The Monotone Version Control System was created by Graydon Hoare, and exhibits a different philosophy than all of the above systems. It is distributed, with changesets propagated to a certain depot that can be a CGI script, an NNTP (Usenet news) receiver, or SMTP (email). From there, each developer pulls the desirable changes into his own copy of the repository.
This may have the unfortunate effect of causing the history or current state of the individual repositories to fall out of sync with each other, as individual repositories do not receive the appropriate changes, or receive inappropriate ones.
Monotone relies heavily on strong cryptography. It identifies files, directories, and revisions by SHA1 checksums. RSA certificates govern repository permissions.
Monotone supports renames and copies of files and directories. It has a command set that aims to be as CVS-compatible as possible, with some necessary deviations due to its different philosophy. It should be portable to Win32, but was not explicitly ported yet.
Monotone is still under development, and may still have some behavioral glitches. The Monotone developers expect to resolve these problems as work continues.
All in all, Monotone holds a lot of promise, and is well worth examining.
BitKeeper is not an open source version control system, but is listed here for completeness because some open source projects use it. BitKeeper is very reliable and feature-rich, supporting distributed repositories; serving over HTTP, file, and directory copies, and renames; patches management; tracking changes from branch to trunk; and many other features.
BitKeeper comes in two licenses. The commercial license costs a few thousands dollars per seat (lease or buy). The gratis license is available for development of open source software, but has some restrictions, among them a non-compete clause and a requirement to upgrade the system as new versions come out, even if they have a different license. Furthermore, the source code is not publicly available, and binaries exist only for the most common systems, including Win32.
A handful of projects use BitKeeper, including some of the Linux kernel developers and the core MySQL developers. It has been the subject of much controversy in the Linux Kernel Mailing List. Due to its license, BitKeeper is not suitable for open source development, as this will alienate more "idealistic" developers, and impose various problems on the users who choose to use it. If you are working on a non-public project and can afford to pay for BitKeeper, it is naturally an option.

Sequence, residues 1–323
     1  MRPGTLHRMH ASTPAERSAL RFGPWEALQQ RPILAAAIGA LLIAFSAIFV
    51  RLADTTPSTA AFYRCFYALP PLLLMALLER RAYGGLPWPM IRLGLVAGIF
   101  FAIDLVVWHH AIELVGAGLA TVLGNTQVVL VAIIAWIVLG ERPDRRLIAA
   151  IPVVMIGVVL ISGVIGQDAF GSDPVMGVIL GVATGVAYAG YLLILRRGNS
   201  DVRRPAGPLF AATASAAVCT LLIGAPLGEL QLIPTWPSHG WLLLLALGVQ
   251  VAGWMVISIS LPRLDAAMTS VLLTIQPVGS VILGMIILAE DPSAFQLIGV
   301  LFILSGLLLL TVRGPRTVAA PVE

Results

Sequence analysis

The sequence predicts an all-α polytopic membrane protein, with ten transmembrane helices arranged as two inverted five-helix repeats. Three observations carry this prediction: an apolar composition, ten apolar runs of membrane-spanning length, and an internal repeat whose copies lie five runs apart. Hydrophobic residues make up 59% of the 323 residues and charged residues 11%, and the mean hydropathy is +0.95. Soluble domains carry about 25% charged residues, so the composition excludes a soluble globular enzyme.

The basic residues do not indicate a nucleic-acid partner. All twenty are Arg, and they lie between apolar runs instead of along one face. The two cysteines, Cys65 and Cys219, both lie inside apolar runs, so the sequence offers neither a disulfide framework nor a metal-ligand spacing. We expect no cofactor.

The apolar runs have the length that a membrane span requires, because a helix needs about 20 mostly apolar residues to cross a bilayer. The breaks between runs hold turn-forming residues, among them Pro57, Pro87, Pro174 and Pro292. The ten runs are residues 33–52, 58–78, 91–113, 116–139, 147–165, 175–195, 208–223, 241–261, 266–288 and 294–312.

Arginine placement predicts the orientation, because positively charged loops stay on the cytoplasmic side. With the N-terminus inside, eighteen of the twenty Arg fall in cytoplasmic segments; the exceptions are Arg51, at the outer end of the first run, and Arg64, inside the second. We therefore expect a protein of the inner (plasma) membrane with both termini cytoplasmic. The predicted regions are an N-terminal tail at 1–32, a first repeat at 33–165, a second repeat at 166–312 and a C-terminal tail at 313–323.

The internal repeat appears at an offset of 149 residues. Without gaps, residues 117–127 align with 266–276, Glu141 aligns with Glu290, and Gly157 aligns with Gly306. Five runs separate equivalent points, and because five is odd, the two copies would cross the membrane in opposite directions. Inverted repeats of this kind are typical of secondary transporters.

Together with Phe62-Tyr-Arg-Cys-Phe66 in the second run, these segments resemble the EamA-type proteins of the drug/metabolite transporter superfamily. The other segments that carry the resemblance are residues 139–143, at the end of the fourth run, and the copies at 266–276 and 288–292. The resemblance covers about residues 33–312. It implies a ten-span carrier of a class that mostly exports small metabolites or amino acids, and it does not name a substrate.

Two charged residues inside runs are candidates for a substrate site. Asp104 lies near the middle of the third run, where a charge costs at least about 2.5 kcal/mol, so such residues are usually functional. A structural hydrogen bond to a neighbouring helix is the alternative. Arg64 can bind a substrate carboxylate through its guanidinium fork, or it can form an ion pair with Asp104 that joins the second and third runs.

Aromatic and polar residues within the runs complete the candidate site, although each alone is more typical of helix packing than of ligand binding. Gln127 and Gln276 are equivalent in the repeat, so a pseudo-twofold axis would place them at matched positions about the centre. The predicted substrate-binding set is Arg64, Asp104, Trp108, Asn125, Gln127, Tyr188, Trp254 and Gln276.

You probably should not use CVS, as there are several better alternatives, unless you cannot get hosting for something else. (Note that GNU Savannah provides hosting for Arch, and there is documentation for using it with SourceForge). You should also not use the free version of BitKeeper because of its restrictions.
Other systems are nicer than CVS and provide a better working experience. When I work in CVS, I always take a long time to think where to place a file or how to name it, because I know I cannot rename it later, without breaking history. This is no problem in other version control systems that support moving or renaming. One project in which I was involved decided to rename their directories and split the entire project history.
And you certainly have a lot of choice.
An item-by-item comparison of these systems can be found at the Better SCM Site. Rick Moen has a list of Version Control and SCMs for Linux on his web site. Finally, the DMOZ Configuration Management Tools directory provides many other useful links.
Finally, more information about version control systems and configuration management tools can be found in the comp.software.config-mgmt FAQs page.
is a software professional, who has been experimenting with programming since 1987 and with various UNIX technologies since 1996. He graduated from the Technion with a B.Sc. in Electrical Engineering, and has been heavily involved as a Linux and open source user, developer, and advocate.
His most successful project so far was Freecell Solver, but he also headed several other projects, and contributed to other projects such as Perl 5, Subversion, and the GIMP.